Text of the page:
Taylor argues that the court committed reversible error in limiting the cross-examination of Silva. He correctly asserts that upon cross-examination he is entitled to probe the credibility of the witness, and that in so doing he is not limited to the facts testified to on direct examination. Ray v. State (1950), 228 Ind. 706, 95 N.E.2d 212.

Nevertheless, the trial court is invested with broad discretion in controlling cross-examination. We will not find reversible error unless there is a manifest abuse of that discretion. Franks v. State (1975), Ind., 323 N.E.2d 221; Traylor v. State (1975), Ind.App., 326 N.E.2d 614.

Here the court permitted Taylor to establish for the jury Silva's faulty memory of the neighborhood. Taylor presented the results of Silva's confusion in an effective fashion in final argument. We find no manifest abuse of discretion in the limitations imposed by the court's rulings which precluded questions which were essentially repetitious at that point in the examination. See, Merry v. State (1975), Ind.App., 335 N.E.2d 249.

[171 Ind.App. 479]

Page 170

III. Improper Sentencing

The jury returned its verdict on July 25, 1974, and the court entered a judgment of conviction the same day. A presentence investigation was ordered with the report to be filed July 31, 1974. On July 31, Taylor appeared in court, but his counsel was absent due to illness. The court advised Taylor of his right to appeal, and the procedure for perfecting an appeal, but no other proceedings were had on that day. The presentence investigation report was filed August 22. On September 23, 1974, Taylor filed a motion to dismiss and set aside the conviction. On October 11, the court denied Taylor's motion and imposed sentence. The court entered the sentence as a nunc pro tunc entry, apparently as of the date of conviction.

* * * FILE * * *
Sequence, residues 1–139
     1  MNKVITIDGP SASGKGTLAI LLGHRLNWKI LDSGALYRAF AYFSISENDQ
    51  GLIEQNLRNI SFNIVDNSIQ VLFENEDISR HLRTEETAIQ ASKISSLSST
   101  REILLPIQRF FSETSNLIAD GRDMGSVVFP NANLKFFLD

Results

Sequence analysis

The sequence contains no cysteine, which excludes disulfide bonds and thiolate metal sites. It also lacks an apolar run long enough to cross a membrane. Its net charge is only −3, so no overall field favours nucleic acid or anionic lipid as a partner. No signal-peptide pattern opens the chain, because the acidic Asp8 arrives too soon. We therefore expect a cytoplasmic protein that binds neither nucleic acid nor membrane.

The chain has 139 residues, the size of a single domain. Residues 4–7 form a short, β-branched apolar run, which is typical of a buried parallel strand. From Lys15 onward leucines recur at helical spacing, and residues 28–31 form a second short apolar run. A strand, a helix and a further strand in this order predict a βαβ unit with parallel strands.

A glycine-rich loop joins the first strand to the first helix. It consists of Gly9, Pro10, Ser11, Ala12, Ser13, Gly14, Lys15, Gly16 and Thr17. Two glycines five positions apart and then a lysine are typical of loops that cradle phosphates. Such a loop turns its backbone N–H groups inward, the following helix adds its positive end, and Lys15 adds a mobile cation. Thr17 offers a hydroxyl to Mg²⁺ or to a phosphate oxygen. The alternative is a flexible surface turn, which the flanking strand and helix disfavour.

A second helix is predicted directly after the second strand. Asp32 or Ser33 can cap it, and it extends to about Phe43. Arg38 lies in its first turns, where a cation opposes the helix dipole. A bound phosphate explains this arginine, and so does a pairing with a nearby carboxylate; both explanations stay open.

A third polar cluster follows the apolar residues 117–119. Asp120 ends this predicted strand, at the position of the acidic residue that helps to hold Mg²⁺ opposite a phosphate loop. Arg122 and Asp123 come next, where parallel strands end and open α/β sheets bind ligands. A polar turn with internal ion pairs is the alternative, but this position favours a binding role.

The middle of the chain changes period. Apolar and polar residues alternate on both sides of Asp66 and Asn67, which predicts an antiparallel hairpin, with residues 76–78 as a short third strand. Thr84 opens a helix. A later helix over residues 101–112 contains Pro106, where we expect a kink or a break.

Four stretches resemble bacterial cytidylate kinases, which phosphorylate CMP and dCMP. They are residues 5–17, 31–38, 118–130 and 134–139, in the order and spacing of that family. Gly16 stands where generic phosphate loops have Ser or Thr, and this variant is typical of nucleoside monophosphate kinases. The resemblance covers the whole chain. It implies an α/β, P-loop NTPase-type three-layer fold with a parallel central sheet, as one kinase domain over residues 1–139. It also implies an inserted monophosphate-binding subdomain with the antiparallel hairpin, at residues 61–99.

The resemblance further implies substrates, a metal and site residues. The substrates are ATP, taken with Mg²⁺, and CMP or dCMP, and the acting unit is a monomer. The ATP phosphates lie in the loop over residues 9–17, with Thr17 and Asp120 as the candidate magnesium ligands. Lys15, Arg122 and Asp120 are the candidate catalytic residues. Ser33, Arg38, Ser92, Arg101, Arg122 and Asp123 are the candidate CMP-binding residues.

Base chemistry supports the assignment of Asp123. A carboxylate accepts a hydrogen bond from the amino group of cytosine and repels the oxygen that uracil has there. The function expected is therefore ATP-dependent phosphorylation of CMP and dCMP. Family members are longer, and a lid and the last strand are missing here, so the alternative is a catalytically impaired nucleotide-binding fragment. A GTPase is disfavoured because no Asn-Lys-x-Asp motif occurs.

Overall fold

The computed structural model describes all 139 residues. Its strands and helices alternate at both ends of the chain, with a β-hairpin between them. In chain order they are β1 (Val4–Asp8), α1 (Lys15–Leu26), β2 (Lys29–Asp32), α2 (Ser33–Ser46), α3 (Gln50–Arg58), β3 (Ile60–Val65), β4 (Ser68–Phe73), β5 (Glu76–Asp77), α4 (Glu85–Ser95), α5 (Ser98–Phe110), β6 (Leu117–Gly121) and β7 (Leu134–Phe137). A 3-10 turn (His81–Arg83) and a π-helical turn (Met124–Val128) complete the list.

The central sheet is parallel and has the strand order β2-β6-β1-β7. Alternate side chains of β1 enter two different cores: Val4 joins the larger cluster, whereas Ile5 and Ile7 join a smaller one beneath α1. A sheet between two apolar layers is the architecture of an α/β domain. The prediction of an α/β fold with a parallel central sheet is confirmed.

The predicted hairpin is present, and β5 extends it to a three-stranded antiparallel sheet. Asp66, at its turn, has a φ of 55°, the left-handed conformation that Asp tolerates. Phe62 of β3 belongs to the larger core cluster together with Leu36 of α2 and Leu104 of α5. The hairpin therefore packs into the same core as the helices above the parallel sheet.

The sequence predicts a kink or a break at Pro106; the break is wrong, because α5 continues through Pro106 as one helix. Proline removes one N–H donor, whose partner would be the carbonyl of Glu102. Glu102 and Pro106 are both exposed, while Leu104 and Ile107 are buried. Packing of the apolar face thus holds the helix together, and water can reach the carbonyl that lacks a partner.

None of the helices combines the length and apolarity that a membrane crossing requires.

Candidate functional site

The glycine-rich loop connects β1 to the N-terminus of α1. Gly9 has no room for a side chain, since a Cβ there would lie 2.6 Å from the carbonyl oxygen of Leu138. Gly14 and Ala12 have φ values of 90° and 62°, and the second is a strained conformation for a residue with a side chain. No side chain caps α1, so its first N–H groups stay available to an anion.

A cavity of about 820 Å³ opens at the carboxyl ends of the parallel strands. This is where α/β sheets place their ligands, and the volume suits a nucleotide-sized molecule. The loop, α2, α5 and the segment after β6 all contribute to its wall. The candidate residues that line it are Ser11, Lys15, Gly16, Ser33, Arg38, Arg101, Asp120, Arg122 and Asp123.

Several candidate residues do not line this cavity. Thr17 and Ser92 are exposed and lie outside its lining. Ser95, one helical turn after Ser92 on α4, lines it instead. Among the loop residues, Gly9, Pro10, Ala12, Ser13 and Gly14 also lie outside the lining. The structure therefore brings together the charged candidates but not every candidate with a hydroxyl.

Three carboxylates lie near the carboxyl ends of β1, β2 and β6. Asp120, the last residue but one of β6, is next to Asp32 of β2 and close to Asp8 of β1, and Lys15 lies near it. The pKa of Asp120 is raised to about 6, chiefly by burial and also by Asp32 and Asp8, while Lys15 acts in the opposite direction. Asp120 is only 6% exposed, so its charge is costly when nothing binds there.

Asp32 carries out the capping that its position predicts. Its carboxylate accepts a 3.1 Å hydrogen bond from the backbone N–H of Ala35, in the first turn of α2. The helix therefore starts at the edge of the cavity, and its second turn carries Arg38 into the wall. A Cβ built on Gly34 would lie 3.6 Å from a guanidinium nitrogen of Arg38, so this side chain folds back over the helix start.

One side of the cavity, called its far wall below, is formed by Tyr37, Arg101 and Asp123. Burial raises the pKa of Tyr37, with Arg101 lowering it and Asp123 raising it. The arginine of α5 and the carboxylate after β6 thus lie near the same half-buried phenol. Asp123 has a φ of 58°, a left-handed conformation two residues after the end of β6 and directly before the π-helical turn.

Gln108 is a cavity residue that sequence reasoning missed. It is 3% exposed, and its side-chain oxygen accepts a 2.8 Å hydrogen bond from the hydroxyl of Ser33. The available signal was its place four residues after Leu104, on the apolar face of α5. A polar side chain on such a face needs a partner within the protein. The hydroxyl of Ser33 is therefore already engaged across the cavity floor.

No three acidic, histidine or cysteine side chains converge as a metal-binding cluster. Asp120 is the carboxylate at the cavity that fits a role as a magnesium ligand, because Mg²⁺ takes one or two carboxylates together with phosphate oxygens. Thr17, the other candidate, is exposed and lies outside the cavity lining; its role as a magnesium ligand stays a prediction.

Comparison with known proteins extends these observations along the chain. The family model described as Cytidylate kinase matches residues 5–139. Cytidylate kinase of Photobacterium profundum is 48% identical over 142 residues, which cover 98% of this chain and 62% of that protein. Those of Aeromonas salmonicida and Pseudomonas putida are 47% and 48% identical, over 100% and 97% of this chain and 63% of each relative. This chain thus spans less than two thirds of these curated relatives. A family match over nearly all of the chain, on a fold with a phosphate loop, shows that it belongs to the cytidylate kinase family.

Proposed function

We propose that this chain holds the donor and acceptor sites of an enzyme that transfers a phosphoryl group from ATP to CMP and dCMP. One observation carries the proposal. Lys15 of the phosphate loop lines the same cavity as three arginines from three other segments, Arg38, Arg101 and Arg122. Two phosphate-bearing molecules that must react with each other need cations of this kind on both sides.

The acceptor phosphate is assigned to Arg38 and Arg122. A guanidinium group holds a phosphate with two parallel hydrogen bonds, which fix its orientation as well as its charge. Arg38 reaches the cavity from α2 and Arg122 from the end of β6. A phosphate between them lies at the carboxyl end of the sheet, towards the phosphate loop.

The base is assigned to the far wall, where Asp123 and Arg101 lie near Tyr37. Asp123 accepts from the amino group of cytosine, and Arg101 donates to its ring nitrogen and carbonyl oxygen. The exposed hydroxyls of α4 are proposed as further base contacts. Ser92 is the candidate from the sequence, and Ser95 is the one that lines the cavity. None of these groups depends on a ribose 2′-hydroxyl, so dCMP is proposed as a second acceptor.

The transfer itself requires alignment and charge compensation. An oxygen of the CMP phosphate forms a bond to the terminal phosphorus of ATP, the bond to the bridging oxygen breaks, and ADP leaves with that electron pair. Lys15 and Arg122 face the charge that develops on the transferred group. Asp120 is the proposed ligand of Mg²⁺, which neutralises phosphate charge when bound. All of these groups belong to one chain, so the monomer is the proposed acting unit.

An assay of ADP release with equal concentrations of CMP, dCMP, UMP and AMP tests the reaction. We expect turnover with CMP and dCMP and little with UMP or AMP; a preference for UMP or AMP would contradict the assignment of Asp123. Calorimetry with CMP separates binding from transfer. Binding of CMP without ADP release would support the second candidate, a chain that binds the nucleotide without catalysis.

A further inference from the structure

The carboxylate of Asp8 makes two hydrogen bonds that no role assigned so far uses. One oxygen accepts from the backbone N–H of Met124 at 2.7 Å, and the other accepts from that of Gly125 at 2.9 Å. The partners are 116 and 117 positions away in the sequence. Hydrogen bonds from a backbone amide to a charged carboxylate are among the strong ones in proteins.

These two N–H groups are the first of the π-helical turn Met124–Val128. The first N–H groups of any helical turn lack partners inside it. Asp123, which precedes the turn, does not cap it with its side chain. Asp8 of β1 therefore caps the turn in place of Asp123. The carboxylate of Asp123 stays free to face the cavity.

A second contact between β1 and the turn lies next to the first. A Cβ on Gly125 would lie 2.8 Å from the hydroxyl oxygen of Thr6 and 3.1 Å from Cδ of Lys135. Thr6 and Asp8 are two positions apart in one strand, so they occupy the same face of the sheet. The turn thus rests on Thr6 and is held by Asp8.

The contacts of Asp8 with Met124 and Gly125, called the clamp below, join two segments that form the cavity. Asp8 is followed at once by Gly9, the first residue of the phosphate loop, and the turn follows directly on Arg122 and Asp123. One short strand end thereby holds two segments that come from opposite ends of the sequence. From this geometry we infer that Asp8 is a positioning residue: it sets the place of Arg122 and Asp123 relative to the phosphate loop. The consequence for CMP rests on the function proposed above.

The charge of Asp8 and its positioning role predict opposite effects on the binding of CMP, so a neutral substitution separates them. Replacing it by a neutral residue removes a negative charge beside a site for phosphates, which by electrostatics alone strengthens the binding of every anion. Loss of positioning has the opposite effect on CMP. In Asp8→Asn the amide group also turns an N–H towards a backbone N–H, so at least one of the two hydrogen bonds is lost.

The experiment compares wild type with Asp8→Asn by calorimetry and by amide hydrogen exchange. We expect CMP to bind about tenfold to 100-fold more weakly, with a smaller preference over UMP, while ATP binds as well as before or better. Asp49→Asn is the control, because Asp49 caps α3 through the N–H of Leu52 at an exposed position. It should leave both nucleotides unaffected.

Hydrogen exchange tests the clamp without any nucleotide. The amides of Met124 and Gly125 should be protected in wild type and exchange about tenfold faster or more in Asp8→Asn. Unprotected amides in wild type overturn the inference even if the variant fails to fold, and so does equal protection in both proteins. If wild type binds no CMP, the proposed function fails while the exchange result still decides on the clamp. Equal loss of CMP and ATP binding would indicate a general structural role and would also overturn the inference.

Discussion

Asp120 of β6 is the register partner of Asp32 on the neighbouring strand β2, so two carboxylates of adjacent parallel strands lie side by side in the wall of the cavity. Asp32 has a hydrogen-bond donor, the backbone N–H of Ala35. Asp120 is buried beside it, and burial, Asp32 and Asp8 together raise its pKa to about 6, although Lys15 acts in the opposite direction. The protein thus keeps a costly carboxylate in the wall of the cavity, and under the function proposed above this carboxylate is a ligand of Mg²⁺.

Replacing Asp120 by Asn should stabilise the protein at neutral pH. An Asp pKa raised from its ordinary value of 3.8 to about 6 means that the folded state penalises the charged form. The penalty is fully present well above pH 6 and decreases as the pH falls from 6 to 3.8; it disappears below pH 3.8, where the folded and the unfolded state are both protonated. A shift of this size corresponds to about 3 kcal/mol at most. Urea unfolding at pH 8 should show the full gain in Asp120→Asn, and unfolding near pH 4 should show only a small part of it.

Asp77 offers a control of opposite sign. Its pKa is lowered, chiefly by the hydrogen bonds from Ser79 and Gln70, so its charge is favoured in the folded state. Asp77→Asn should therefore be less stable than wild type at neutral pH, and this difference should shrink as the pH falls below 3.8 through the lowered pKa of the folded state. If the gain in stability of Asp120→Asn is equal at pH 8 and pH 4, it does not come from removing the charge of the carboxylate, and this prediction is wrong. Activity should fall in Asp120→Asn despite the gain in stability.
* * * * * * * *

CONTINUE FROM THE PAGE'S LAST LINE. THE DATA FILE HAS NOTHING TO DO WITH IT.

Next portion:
Taylor asserts that the failure of the court to sentence him within thirty days after the verdict of guilty is a violation of Indiana Rules of Procedure, Criminal Rule 11 and requires that he be discharged.

We first point out that the date of Taylor's sentencing was October 11, 1974. The purported nunc pro tunc was of no effect. While such an entry can be made to enable the court's records to speak the truth as to what previously occurred, it cannot supply an action which was not in fact taken. Perkins v. Hayward (1892), 132 Ind. 95, 31 N.E. 670; Smith v. State (1880), 71 Ind. 250.

Criminal Rule 11 provides in part:

'In all courts of superior jurisdiction having general jurisdiction to try felony charges, the trial court shall sentence a defendant convicted in a criminal case on a plea of not guilty within thirty days of the finding or verdict of guilty.'

The rule then continues by specifying what the court should advise a defendant regarding rights of appeal and concludes with the requirement that a record be made of the entire proceeding.

[171 Ind.App. 480] Unlike the provisions of CR. 4, the rule does not call for the discharge of a defendant where the time limits prescribed and not met. As the court stated in Alford v. State (1973), Ind.App., 294 N.E.2d 168, operation of the rule does not affect the guilt determining process and does not involve an accused's constitutional right to speedy trial.